Fresh from his lifetime achievement award win at the Learning Awards, Nigel Paine is back on site with an article extolling the virtues of content curation. Read on...
We all get it. There is masses of stuff out there, much of it open source. We know that. Just a cursory glance at iTunesU reveals a staggering amount of high-quality learning resources from some of the best universities in the world. But that is only scratching the surface. But, how do we get hold of it, store it, share it, validate it? Those apparently simple questions keep us back from a wide-scale embrace of great materials that are there for the asking which could potentially transform your learning at work or enable a self-learning dashboard for staff to access just in time resources.
I believe in a very simple mantra: curate first, create second. Use what is available before you build it yourself. And maybe we have got that opposition wrong as well. Perhaps it is not curation v creation but rather creation via curation. The genius is in the assembly of the bits, not the development of the pieces themselves. There are lots of personal tools to do this but sharing is difficult and therefore access is complex.
This dilemma keeps me occupied for hours on end. I want to be a curator, but I want to be a creator as well. I want to sift and edit, but also put my personal stamp on what goes out. I want to encourage others to do it too, but I want them to think about creation as well. I want to do this for myself, but make what I do available to others. In that mass of contradiction and indecision, I came across LearnFizz
LearnFizz is really simple. Stage one, post links to great learning materials you have found that are freely available. Stage two, tag them so other people will be able to find them too. Then be creative: put your own mix of resources together and share the mix with other people. That's it! It is fashionably in Beta, so you can suggest improvements and really road test the app. but it works and it is really straightforward.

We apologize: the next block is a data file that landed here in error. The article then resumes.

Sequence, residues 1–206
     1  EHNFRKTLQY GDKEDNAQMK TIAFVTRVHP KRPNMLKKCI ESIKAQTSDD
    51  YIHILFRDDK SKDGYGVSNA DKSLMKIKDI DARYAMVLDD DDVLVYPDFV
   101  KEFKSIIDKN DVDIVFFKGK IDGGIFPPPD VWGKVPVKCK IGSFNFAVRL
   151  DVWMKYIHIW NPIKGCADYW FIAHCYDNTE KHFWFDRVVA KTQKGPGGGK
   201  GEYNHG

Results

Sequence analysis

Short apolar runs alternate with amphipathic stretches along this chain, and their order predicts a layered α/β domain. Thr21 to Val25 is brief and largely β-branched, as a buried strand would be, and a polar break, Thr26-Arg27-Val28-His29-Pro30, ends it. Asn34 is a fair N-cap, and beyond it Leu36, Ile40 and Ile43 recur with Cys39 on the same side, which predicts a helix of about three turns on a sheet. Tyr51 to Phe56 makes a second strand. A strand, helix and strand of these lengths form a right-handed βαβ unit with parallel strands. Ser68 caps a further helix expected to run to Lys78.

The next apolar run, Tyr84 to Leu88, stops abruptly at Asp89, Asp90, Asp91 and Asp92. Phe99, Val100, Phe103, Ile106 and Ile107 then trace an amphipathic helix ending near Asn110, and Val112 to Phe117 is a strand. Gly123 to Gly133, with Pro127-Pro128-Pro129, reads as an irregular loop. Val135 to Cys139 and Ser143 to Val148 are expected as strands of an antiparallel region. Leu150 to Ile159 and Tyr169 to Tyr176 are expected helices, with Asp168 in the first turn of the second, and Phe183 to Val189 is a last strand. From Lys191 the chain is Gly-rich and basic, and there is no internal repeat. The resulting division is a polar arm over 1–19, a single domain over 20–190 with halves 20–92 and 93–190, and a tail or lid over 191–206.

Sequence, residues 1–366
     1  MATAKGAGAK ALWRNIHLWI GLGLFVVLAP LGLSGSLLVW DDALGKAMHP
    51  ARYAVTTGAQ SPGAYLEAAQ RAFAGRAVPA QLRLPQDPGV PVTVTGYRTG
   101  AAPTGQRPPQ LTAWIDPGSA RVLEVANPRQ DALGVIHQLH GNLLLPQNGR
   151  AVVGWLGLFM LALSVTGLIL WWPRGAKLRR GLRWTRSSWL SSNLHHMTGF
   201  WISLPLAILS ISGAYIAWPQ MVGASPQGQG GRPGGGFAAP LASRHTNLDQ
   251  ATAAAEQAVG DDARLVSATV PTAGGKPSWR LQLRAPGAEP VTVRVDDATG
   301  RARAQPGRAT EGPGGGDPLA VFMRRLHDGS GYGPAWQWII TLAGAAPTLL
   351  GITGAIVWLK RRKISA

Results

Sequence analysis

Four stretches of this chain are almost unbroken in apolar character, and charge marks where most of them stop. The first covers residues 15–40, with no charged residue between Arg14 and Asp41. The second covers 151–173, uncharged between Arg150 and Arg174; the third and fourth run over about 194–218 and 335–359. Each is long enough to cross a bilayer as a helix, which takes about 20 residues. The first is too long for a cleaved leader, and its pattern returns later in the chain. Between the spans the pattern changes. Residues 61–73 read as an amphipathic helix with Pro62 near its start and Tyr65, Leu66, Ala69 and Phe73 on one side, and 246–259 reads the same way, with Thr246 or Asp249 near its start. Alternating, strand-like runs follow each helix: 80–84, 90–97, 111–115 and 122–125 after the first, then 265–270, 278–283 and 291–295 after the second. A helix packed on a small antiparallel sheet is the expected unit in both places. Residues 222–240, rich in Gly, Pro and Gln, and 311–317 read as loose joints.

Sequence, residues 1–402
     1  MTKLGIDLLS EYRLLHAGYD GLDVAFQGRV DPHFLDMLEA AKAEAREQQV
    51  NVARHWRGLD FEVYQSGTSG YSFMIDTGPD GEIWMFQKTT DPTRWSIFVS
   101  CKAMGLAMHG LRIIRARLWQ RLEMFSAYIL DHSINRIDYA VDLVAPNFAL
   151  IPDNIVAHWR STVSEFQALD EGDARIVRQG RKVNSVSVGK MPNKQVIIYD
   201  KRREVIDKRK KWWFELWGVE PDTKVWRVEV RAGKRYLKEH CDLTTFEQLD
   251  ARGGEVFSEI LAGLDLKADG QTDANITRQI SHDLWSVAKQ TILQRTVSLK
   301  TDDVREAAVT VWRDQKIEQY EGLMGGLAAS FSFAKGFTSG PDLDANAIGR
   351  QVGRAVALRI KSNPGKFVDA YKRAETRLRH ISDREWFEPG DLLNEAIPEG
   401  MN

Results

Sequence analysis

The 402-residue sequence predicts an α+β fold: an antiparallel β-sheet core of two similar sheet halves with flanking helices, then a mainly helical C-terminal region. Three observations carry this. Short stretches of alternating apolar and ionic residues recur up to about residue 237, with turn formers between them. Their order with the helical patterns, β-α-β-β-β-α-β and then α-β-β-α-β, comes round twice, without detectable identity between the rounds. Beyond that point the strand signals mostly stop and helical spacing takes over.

"I believe in a very simple mantra: curate first, create second. Use what is available before you build it yourself. And maybe we have got that opposition wrong as well. Perhaps it is not curation v creation but rather creation via curation."
I save material I come across by clicking my 'instapaper' button on my browser or clipping an article in Evernote. I have now assembled quite a collection of great resources that I have tagged and filed. That ability to capture an element of the enormous quantity of information that flows past me every day has now become second nature. LearnFizz adds one more element to that process and that is why I like it, and why I feel it has a role in the scheme of things.
But there is an element of LearnFizz that differentiates it from a simple list site (of which there are many) and that is its 'Mix' function. Any registered user can collect together different resources with a bit of annotation and post them for everyone to use.
This is a powerful idea and an obvious extension of the simple 'list'. This is especially true when there is a large amount of choice. If I search for 'presentation skills' I get 741 hits. Hard to manage a list like this. But a great 'Mix' on presentation skills points me at four or five resources which I can work through in about an hour. A nice learning bite. If I trust the mixer, this is a huge short cut to finding something useful and structured.
This is a great way to kick start the curation process. There is nothing quite like it out there at the moment. It is not perfect: search can be erratic and I have found no way to delete a mix once it has been created but these do not detract from the overall impact. If we want to end up a 'Curation Nation' - in the words of Steven Rosenbaum - then this is a pretty good place to start.
Nigel Paine is a coach,mentor, writer, broadcaster and keynote speaker of international acclaim. He is currently working in Europe, Brazil, the US and Australia on a variety of assignments, that hinge around making work more creative, innovative and aspirational and making workplaces more conversational, team-based and knowledge sharing. You can read his blog or follow him on Twitter. He was given the Colin Corder Award recently at the Learning Awards 2012, for services to learning